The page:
In my last column about Ahmed Hassan, a teenager born in New Jersey who was held in an Egyptian jail for a crime he did not commit, I primarily discussed the problems surrounding reentry after a prolonged jail sentence. Ahmed’s alleged “crime” was being an American citizen.
In it were an important few sentences: “Maybe one day I’ll be able to give him healing hugs. Maybe not.” This is not a typical American reentry story.
Much has happened since then. After waiting, praying, hoping for a face-to-face meeting with Ahmed, those healing hugs were given in abundance on a warm, sunny day in August. As I sat with a huge knot in my stomach and great trepidation on a hotel porch in Wildwood, N.J., where Ahmed worked for the summer in a restaurant, a young man came up the steps.
Instinctively, we each knew who the other was. I stood up as I saw him coming and, with big smiles and tears running down both our faces, Ahmed melted into my waiting arms. I was literally trembling with so many emotions. He saw this as he suggested we sit. Already, in that brief moment, he became as protective of me as I had been of him through the long process of getting him released. It was quite a few minutes, ones I will never forget. We talked for an hour, which passed like a blink of an eye. My husband came downstairs and the three of us drove to Cape May, N.J., for lunch and more conversation.
Ahmed took us to the restaurant where he was working for lunch. The staff there made my husband and me feel like royalty and treated Ahmed with respect and affection. The conversation again flowed easily as we talked about politics, people and future plans. My fantasy had always been to walk on a beach with Ahmed with the ocean waters nipping at our feet as I would ever so gently grill him.
All that became moot as our talk over lunch was practically on the sand, looking at the ocean, and there was no need to grill as he was so open with us. As we looked into each others’ eyes, I knew instantly all my concerns about open conversations and the ability to communicate honestly had no bearing anymore. The three of us walked and talked for hours and I instinctively felt the warmth of the soul I helped save more than a year ago. The mere thought of it was daunting, and again I became emotional but within myself. Ahmed must have understood my emotions as he quietly put his hand on my shoulder and we hugged some more. In my heart I felt the turnaround as he clearly understood my emotional state of mind. Haunting.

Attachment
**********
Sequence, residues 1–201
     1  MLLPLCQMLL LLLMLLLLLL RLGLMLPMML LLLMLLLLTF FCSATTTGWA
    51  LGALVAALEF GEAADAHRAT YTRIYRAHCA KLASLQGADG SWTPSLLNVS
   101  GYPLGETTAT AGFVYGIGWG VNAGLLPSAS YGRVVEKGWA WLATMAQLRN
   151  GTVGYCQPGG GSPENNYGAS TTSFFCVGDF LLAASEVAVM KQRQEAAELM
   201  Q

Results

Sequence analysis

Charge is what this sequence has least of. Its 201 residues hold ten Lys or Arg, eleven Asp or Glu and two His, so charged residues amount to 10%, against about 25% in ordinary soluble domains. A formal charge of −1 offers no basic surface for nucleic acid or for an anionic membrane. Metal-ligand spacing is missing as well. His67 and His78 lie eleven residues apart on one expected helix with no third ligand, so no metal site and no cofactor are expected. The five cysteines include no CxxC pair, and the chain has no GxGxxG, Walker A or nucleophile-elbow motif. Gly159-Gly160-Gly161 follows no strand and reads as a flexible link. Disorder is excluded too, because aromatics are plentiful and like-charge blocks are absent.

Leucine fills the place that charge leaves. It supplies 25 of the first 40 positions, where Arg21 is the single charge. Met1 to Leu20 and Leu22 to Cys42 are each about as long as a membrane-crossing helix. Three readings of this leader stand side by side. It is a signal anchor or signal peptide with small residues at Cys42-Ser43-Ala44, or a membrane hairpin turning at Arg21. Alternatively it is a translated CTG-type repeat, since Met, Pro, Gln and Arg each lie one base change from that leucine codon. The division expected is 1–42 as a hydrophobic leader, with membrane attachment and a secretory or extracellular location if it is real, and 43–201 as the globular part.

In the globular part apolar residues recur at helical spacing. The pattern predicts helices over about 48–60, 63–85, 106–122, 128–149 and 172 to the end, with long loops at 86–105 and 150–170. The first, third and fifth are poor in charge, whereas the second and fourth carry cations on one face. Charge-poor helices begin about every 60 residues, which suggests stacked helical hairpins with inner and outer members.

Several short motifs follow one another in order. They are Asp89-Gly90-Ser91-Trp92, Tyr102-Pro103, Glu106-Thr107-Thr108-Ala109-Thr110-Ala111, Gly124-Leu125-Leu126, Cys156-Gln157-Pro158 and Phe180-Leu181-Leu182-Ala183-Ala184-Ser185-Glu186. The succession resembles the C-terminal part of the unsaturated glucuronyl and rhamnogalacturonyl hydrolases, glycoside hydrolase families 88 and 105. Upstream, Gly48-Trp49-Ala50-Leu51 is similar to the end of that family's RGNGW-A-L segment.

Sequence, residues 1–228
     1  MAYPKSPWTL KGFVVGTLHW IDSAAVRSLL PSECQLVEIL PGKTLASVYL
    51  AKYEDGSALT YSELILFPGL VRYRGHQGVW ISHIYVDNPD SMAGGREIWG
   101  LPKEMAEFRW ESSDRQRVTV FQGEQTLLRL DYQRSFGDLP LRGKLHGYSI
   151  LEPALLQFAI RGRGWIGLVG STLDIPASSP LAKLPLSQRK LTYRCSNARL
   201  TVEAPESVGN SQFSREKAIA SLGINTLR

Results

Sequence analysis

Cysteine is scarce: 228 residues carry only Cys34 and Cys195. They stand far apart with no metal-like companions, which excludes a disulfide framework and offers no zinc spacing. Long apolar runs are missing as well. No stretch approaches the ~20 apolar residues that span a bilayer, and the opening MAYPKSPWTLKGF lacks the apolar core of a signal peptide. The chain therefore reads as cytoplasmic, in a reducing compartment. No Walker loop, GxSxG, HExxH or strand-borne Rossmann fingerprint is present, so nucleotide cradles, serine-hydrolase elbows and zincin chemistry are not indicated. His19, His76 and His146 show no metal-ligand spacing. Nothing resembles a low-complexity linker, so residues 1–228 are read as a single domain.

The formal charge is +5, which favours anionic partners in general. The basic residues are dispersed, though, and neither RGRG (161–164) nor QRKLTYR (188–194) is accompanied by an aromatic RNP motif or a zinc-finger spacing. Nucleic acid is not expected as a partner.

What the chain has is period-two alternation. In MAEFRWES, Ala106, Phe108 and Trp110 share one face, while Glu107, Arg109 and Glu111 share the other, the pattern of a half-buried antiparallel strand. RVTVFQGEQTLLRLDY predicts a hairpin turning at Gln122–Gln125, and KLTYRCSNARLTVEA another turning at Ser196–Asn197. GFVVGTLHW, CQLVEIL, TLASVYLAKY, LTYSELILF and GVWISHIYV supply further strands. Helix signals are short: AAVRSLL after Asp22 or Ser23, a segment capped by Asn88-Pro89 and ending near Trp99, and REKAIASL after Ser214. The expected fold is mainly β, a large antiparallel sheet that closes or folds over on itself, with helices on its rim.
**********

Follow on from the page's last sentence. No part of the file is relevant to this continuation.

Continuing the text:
The time for my husband and I to leave grew near although I knew none of us wanted to let go. During my time alone with Ahmed in the morning, he told me that when he received the 18 letters I wrote him while he was in jail, he went into a room, closed the door and read each in the loudest voice he could. That was the only time he used his voice except when his parents visited him in the 385 days he was incarcerated for a “crime” he didn’t commit.
If I was his nuclear family, I would sue the U.S. government for child abuse and neglect because they caused great harm to this teenager. The president knows nothing about the rule of law nor about his obligation under law to free every innocent American citizen who is held against their will in a foreign country. While Ahmed was incarcerated, he believed America forgot about him. It was not Americans but rather the government. A close lifelong friend made Ahmed a scrapbook with messages of hope and encouragement from people around the globe, including American citizens who sent them to me on social media.
We took Ahmed to where he was living for the summer. Healing hugs were given on all sides. We promised not to lose touch ever again. He told me not to worry, “mom,” the highest word of respect in the Arabic language. He told me he would send me his phone number when he got back to Egypt, where he would begin a new life chapter as a young college man, and he did. We talk on the phone and on social media regularly.
He is a marked person by his government because of what he is; an American. I’ve been told that he will be watched. I have been tagged as the enemy in Egypt because of my human rights work, never to be allowed into that country without disappearing into oblivion. I do not care as I have no desire to go under the current military coup regime.
My greatest fear is for Ahmed, and I have taken the risk of telling him this. He knows. He understands my fear for him and I live with that fear every day and every night. He needs therapy to overcome trauma but it will not happen there. He asked that I write him more of the same letters I did when he was incarcerated and I will. I pray he makes the choice to come back to America where he belongs, to attend college and begin his life anew here. Ahmed will not be in a strange land alone as he has family here now who love him deeply. He knows this too.
Postscript: On Sept. 19, Ahmed appeared in an Egyptian court where the charges against him were dismissed.
Jackie Ross is a lifelong social worker with urban teens who has advocated for thousands in family, drug and, adult courts. In 2016 she coordinated the international advocacy case freeing Ahmed Hassan.